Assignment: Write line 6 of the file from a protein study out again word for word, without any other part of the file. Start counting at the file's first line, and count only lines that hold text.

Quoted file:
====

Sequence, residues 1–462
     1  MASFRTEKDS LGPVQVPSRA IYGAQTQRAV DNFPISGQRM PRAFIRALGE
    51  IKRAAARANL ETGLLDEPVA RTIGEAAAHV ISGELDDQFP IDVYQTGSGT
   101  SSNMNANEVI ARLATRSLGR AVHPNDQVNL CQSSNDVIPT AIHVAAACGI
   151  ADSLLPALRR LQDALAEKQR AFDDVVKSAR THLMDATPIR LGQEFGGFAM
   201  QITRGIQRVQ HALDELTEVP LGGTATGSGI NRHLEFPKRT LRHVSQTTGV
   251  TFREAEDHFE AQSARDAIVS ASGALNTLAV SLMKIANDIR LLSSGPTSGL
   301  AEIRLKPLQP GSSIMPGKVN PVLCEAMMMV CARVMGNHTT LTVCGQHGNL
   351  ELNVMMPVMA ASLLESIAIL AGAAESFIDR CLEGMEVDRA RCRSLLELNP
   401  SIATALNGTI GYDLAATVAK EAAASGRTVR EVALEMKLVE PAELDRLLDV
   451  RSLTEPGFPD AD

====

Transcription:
   201  QITRGIQRVQ HALDELTEVP LGGTATGSGI NRHLEFPKRT LRHVSQTTGV